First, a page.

GQA had made statements, including extensively in advertising, to the effect that if a customer was unsuccessful in obtaining qualifications, they would be entitled to a complete refund.
Justice Beach found that this was a misleading or deceptive statement because GQA only issued refunds if its customers provided evidence that they had exhausted all possible avenues to obtain their qualification, and deducted a 25% “administrative processing fee” from any refund.
The refund ineligibility representation – $750k GQA, $70k Mr Wadi
GQA also represented that any refund offered to consumers was at GQA’s sole discretion, which was misleading or deceptive because consumers were entitled to a refund and to terminate their relevant contract under section 267 of the ACL, given that GQA did not comply with applicable consumer guarantees contained in the ACL.
The refund policy – contract term void
Justice Beach found that GQA had imposed an unfair contract term in breach of the ACL, as the terms of GQA’s refund policy were not bought to the attention of consumers at the time they entered into their contracts, caused a significant imbalance in the parties’ rights, and were not reasonably necessary to protect GQA’s interests, as the policy could be used to refuse a refund even if doing so would not cause GQA to be out of pocket.
The skills review representation – $750k GQA, $70k Mr Wadi
GQA had offered an online skills review tool in which potential customers entered their details and experience and received a message, regardless of what they had entered, of “congratulations, you may be eligible”. Over 9,000 people had relied on this in applying with GQA.
Justice Beach found that this representation was misleading or deceptive because it was made without a sufficient understanding of the consumer’s experience and learning and therefore was not a genuine assessment of the consumer’s eligibility.
The eligibility representation – $750k GQA, $70k Mr Wadi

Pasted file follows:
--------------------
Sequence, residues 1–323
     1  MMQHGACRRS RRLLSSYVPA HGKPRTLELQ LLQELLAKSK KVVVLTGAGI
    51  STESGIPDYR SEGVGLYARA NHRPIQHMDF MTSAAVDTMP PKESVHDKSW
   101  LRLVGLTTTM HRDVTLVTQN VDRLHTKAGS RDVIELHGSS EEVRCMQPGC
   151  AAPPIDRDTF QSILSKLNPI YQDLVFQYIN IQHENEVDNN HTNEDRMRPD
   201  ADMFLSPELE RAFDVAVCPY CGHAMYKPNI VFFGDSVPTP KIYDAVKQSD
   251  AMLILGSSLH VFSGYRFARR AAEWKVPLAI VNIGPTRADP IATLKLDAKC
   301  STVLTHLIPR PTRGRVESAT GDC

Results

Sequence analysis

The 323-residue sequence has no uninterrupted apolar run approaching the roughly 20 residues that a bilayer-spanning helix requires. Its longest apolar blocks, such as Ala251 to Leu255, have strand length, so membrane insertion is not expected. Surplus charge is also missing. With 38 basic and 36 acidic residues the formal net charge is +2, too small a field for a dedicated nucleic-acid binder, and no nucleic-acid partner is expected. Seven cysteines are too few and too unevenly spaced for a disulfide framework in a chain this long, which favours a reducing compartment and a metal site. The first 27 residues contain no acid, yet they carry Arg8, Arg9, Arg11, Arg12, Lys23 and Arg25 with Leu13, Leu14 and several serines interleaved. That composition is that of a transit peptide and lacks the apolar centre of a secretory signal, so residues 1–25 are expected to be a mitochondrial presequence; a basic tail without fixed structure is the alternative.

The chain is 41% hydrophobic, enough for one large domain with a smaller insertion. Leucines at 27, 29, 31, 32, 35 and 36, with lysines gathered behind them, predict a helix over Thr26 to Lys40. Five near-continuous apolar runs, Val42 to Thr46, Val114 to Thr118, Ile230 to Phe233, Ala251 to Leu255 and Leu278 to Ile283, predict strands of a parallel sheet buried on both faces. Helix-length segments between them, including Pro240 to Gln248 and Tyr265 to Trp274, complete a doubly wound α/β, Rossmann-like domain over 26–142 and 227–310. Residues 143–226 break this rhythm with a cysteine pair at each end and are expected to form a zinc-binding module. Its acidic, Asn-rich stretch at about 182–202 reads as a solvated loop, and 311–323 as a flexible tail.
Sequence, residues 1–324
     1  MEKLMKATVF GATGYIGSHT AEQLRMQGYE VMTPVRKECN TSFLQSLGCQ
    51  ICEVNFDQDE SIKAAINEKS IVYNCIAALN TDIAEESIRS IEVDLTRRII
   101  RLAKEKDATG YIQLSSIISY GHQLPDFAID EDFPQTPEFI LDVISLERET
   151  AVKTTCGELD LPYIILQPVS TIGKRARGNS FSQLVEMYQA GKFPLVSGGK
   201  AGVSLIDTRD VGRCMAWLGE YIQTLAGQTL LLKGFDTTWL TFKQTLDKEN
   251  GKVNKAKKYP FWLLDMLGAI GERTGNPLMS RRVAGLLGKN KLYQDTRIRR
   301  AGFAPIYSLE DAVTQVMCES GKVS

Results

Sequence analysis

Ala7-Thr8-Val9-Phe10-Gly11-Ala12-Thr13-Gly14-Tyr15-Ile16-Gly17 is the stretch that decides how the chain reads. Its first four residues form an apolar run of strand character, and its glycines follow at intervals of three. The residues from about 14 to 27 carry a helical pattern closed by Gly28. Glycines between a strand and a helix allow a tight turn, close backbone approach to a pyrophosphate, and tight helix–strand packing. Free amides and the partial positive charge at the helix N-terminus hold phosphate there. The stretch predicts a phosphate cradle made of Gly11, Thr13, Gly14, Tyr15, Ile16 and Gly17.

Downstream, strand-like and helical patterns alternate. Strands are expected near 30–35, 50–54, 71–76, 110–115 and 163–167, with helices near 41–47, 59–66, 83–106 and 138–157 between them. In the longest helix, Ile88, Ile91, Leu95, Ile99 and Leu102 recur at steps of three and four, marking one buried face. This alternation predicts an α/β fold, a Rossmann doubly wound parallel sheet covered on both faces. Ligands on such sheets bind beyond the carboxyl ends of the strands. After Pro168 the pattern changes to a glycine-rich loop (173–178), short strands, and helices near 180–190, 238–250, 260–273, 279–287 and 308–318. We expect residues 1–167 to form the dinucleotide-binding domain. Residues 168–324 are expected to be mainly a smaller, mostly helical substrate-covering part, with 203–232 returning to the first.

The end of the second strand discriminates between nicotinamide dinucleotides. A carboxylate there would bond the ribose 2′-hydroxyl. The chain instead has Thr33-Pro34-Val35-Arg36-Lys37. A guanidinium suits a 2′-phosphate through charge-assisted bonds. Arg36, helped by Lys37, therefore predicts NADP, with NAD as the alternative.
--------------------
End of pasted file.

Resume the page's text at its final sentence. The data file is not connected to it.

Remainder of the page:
Through the online skills review tool and telephone conversations with customers, GQA represented that customers were eligible for and could obtain a qualification from RTOs using the RPL process.
This was misleading or deceptive because GQA had no reasonable grounds for asserting that customers could obtain these qualifications without conducting further inquiries as to their prior experiences, and GQA sales representatives were in any event not qualified to make this assessment, as they had not undertaken any relevant training.
Unsolicited consumer agreements (inappropriate contracts) – $125k GQA, $10k Mr Wadi
Consumers entered their contact details into the online skills review, and GQA used these details to contact the consumers by phone, meaning that any agreements reached on the basis of this contact were unsolicited consumer agreements under the ACL, which attract additional requirements.
GQA’s unsolicited consumer agreements were in breach of section 79 of the ACL, as the contracts were not set out in full and did not include a notice which informed the consumer of their right to terminate.
Unsolicited consumer agreements (acceptance of payments) – $125k GQA, $10k Mr Wadi
Relatedly, GQA required and accepted payments before the contracts were given to the consumer, in contravention of section 86(1) of the ACL. That section prohibits requiring or accepting payments under an unsolicited consumer agreement within 10 days after making the agreement or, in the case of an agreement negotiated by telephone, within 10 days after the consumer receives the contract.
Pattern of unconscionable conduct – $3m GQA, $10k Mr Wadi
For various reasons, including the breaches above, Justice Beach found that GQA engaged in a system of behavior that constituted unconscionable conduct in contravention of section 21 of the ACL. Justice Beach also took into account additional matters such as the fact that that GQA used unfair sales tactics (such as erroneously suggesting spots were limited), employed telemarketers with no specialist knowledge of the RPL process, and did not provide a sufficient opportunity for consumers to consider their options.